Rivals Bell and Telus spend $3-billion in very different ways - Macleans.ca
 

Rivals Bell and Telus spend $3-billion in very different ways

Which high-stakes strategy will pay off best for the future of communications


 
The $3-billion gambles

Paul Chiasson/CP

Bell Canada Inc. and Telus Corp. share a similar history as former phone monopolies, but their visions of the future could not be more different. Last week, Bell parent BCE Inc. said it was buying Astral Media Inc. in a deal valued at $3.4 billion, part of an ongoing effort to bulk up on content for its broadband, wireless and satellite TV distribution businesses. Astral owns 24 specialty channels and pay-TV networks, including the Movie Network and HBO Canada. The Astral buy is on top of BCE’s $1.3-billion purchase of CTV in 2010 and last year’s $1.32-billion co-purchase (with Rogers Communications Inc., which owns Maclean’s) of Maple Leafs Sports and Entertainment. By some estimates, BCE could now control 34 per cent of the Canadian TV universe.

BCE has been here before. It used to own a host of online and traditional media assets, including CTV, which it later sold. However, CEO George Cope is adamant that things are different this time around as consumers increasingly turn to their iPhones to watch TV and use their TVs to browse the Internet.

By contrast, Telus said earlier this month it would spend a similar amount, $3 billion, on a further rollout of fibre optic cable in B.C., more wireless coverage, a $750-million office and residential tower in downtown Vancouver and expansion of its Internet protocol television offering. So far, Telus is the only major telecom or cable company in Canada that hasn’t purchased a television asset, focusing instead on its core businesses of connecting customers.

Analysts are split on which strategy is the right one. Some say the Astral deal will guarantee Bell’s access to cheap content, and give it a leg up in Quebec where it competes with Quebecor Media. But Dvai Ghose, an analyst at Canaccord Genuity, argues that Quebecor’s success has more to do with “superior broadband and customer service” than ownership of French TV shows, which must be made available to competitors under new regulatory rules.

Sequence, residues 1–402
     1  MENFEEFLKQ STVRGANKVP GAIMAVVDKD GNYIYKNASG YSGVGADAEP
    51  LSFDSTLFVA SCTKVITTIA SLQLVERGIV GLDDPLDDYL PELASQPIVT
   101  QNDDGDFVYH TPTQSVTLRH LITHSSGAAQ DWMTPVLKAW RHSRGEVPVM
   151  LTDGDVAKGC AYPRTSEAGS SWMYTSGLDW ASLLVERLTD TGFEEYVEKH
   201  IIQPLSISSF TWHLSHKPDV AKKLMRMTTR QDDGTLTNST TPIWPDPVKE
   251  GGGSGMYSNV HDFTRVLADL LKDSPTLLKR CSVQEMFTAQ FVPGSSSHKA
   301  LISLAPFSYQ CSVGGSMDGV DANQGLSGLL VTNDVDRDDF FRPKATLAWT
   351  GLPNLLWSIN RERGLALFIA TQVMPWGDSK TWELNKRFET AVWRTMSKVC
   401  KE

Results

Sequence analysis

Marshall McLuhan famously said the “medium is the message.” But in 2012, everyone except Telus is betting the precise opposite is the case.


 
Filed under:

Rivals Bell and Telus spend $3-billion in very different ways

  1. I’m betting Telus has it right.  Which sucks, because I find their customer service to be approximately what you’d expect in an Afghan prison.

    The reason is that while Bell may be able to restrict competitors from accessing their content, they won’t be able to restrict their competitors’ *customers* from accessing it anyway through piracy and the internet.  At the same time, their own customers won’t be able to access their competitor’s content except through lower quality internet connections.

    Convenience is king, and if you want everything, you want the better connection.

  2. You make it sound like Bell is not spending any money on their network, which is false.  Bell spent $3.2 billion on network and technology in 2011 and we can expect more of the same in 2012.  This is in addition to the Astral purchase.  

    Further, the Telus investment in BC is over 3 years.  So about $1 billion a year in their core market.  Bell is spending over 3 times that amount per year.  

    But then, to truly compare their respective capital expenditures, you could simply look at their quarterly statements and publish actual numbers.  But then, that wouldn’t draw in as many readers as some random misleading comparison.  

    The bright spot in all of this: You made me think and question your logic, which is always enlightening.